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Spokane, Washington  Est. May 19, 1883
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Hunting and Fishing

Alan Liere, Correspondent The Spokesman-Review

Salmon and steelhead

Snake River steelheading is just getting started, and fishing is a little slow in most areas of the drainage, according to WDFW fish biologist Joe Bumgarner. The best fishing rates checked since the harvest season opened Sept. 1 have been in the Tucannon River, where anglers averaged about four hours of fishing for every steelhead caught. Fishing has been significantly slower on the Walla Walla River, while the best steelhead catch rate measured on the mainstem Snake River was about 61/2 hours per fish in waters from the Little Goose to Lower Granite dams.

The catch estimates for Ocean Area 1 (lower Columbia) last week was 1,307 chinook and 4,780 coho. The season totals through Sunday equaled 61 percent of the quota. While chinook catch rates remained low during the majority of August, catch rates have since improved dramatically. To date, this year’s run of fall chinook over Bonneville is nearly identical to the recent 10-year average.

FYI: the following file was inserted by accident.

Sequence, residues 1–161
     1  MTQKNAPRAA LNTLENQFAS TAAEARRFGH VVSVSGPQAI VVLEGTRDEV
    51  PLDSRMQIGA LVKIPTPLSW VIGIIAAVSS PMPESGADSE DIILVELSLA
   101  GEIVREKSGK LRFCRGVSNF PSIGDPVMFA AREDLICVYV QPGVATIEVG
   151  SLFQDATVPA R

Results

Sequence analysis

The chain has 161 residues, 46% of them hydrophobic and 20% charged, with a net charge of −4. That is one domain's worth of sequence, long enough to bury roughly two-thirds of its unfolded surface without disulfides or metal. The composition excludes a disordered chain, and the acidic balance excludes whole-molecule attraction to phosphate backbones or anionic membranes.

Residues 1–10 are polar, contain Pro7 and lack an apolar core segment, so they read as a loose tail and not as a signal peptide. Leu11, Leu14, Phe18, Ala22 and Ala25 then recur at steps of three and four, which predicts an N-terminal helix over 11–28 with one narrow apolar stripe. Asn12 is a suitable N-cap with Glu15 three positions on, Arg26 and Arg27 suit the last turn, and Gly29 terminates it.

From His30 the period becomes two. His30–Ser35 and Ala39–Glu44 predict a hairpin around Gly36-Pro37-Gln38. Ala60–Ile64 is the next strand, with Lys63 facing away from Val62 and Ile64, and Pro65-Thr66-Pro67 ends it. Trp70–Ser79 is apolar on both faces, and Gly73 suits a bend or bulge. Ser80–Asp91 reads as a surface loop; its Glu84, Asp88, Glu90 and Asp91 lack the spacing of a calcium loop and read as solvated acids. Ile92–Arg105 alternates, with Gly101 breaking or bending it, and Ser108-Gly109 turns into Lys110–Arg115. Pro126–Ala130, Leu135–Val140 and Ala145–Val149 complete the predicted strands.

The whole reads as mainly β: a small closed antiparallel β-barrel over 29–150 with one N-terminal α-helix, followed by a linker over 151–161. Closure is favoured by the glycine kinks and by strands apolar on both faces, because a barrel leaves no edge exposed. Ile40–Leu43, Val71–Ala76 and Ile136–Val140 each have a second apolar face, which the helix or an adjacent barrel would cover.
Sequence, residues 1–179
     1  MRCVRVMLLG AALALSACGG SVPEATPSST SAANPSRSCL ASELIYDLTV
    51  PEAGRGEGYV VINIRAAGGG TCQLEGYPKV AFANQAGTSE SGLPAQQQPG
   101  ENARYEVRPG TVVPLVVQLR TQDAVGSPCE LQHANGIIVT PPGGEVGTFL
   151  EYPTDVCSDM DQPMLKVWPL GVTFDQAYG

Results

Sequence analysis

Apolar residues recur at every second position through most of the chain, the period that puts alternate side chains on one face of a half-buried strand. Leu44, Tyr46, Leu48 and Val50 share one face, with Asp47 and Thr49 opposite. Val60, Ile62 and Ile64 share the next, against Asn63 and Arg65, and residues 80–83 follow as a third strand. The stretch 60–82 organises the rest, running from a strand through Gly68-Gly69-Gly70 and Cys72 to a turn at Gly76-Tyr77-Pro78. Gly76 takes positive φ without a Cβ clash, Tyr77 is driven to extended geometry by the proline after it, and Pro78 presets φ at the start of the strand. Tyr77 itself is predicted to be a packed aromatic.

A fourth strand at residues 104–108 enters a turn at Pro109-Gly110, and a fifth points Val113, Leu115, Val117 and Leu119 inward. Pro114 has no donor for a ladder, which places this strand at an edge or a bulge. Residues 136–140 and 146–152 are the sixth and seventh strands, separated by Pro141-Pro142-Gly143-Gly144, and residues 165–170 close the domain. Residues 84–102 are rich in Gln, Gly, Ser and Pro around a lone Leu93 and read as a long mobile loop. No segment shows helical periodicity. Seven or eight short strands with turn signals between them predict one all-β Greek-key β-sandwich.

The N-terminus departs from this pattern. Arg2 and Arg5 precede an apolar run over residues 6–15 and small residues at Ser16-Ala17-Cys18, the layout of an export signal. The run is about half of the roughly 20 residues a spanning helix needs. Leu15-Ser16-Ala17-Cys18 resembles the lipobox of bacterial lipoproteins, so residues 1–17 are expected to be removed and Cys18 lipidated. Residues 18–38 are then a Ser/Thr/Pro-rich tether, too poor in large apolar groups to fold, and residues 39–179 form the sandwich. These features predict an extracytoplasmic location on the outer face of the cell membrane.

Above Bonneville, anglers are still catching some hatchery summer steelhead at Drano Lake and in the Wind River, but most are focusing on catching fall chinook.

At Westport, the catch estimates last week were 3,022 chinook and 1,203 coho; the season totals through Sunday equaled only 21 percent of the quota. LaPush anglers have taken 66 percent of the sub-quota, and at Neah Bay, they have taken 76 percent. Fishing at both LaPush and Neah Bay has slowed considerably. Salmon fisheries out of Westport, LaPush and Neah Bay (Marine areas 2-4) are scheduled to close Sept. 18, but LaPush reopens Sept. 24.

Last week, Ilwaco anglers averaged 1.2 salmon per rod, 79 percent of which catch were coho. Through Sunday, an estimated 61.4 percent of the coho guideline had been taken. The Buoy 10 chinook catch has declined about 50 percent from the last week, but coho catches have increased by about the same rate. Last week anglers averaged a chinook per every 6.4 rods and a coho per every 4.5 rods.